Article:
Northwest Arkansas Times from Fayetteville, Arkansas on June 4, 1974 · Page 10
Get access to this page with a Free Trial
Click to view larger version

Northwest Arkansas Times from Fayetteville, Arkansas · Page 10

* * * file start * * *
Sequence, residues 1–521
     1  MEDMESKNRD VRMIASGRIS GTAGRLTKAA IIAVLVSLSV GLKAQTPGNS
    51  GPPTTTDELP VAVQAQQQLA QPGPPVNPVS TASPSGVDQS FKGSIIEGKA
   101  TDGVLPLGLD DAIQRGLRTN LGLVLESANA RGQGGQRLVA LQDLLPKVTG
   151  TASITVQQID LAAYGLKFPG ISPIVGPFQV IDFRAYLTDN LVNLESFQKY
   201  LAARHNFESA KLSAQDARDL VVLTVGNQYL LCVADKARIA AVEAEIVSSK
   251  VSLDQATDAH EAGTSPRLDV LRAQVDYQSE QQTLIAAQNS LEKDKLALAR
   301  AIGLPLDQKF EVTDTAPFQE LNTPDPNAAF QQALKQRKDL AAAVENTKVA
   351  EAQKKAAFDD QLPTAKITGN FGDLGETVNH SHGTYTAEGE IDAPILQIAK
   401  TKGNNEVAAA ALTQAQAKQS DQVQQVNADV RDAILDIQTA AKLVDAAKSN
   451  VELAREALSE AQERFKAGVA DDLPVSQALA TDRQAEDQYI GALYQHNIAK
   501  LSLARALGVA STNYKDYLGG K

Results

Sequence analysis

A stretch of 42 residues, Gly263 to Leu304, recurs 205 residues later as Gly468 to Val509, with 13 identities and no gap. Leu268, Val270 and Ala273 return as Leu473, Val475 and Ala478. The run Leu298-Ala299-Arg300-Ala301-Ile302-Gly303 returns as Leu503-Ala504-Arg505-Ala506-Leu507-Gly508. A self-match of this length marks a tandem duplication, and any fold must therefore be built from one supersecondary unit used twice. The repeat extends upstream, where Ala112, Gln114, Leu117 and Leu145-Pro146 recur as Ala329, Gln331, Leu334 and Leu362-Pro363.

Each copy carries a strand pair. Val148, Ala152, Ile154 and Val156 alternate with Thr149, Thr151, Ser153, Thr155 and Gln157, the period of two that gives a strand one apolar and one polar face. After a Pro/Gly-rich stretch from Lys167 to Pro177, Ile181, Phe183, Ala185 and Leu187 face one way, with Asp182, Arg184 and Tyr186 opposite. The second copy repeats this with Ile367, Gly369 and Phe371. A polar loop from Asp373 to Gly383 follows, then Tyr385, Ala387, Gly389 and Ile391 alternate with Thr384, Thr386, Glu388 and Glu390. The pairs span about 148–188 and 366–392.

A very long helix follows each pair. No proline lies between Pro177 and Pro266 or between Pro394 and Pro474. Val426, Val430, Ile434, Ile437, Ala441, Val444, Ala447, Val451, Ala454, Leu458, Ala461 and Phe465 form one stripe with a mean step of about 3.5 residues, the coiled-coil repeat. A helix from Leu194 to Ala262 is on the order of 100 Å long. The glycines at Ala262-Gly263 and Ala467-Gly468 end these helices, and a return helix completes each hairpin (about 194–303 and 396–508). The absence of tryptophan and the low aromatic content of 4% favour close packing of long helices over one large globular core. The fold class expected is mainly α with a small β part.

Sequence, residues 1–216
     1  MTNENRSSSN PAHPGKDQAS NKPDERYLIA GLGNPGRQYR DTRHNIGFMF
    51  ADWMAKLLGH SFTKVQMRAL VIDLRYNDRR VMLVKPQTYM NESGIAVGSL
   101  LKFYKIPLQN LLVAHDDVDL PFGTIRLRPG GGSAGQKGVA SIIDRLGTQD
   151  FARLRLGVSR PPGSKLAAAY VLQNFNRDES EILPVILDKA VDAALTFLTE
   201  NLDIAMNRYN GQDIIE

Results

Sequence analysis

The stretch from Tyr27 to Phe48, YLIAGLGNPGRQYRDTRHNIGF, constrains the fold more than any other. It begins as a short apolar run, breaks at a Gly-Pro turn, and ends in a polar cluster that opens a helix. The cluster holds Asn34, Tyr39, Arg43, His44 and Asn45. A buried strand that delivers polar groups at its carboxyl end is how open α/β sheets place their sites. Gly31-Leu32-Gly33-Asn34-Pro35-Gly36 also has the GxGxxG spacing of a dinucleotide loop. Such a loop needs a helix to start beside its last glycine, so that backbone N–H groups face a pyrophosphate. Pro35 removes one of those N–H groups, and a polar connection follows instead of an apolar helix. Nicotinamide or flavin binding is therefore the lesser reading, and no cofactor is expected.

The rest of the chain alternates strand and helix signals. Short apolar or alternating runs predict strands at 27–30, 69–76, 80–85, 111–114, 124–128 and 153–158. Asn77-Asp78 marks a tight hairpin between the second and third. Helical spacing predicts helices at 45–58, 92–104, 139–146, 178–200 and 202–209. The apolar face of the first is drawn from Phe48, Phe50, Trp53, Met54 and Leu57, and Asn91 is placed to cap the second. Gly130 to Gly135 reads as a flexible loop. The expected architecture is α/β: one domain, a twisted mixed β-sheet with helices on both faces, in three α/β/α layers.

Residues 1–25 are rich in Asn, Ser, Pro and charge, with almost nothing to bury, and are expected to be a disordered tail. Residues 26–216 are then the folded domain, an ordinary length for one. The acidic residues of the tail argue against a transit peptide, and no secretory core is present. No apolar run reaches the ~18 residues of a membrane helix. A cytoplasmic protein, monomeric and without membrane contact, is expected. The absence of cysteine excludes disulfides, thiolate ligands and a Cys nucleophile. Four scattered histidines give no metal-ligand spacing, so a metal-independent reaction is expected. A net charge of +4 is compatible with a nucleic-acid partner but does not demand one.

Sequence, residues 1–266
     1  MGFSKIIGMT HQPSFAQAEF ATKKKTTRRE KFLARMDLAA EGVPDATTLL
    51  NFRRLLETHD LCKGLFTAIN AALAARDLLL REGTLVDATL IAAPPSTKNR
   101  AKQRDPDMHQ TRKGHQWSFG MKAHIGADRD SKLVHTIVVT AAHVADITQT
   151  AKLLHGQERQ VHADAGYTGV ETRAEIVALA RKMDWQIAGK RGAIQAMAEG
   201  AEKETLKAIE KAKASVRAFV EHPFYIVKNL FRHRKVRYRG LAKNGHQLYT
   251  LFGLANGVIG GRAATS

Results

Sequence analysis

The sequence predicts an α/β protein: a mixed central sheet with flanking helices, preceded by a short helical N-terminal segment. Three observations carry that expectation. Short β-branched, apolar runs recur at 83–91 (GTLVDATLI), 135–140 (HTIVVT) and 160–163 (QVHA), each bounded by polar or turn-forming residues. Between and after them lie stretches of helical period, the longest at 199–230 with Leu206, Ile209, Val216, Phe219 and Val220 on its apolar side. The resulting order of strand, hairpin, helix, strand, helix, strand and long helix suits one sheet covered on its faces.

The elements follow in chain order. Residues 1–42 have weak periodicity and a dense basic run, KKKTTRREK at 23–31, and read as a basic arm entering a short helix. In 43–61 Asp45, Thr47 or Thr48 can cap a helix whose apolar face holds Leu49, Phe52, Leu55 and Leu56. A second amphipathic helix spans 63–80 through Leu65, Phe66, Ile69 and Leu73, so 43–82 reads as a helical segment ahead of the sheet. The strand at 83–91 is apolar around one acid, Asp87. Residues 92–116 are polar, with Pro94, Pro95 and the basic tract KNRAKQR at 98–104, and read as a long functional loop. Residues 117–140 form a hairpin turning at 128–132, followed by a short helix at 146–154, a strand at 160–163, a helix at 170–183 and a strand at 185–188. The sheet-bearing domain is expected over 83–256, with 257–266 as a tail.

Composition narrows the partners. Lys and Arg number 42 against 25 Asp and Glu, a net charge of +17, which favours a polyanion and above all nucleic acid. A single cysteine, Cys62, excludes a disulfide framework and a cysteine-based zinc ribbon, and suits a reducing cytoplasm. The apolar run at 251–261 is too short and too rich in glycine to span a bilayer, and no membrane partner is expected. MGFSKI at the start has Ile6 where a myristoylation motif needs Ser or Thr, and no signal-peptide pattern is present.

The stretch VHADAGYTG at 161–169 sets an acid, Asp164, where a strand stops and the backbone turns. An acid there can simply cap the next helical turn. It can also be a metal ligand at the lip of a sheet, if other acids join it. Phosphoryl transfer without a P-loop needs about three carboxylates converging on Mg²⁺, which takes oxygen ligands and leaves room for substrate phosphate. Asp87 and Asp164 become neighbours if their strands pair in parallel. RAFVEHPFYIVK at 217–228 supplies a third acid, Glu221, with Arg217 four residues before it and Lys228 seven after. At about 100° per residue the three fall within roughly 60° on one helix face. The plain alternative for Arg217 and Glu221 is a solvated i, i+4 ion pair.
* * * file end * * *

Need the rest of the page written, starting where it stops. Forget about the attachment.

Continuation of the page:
Fayetteville, Arkansas
Issue Date:
Tuesday, June 4, 1974
Page 10
Start Free Trial

Page 10 article text (OCR)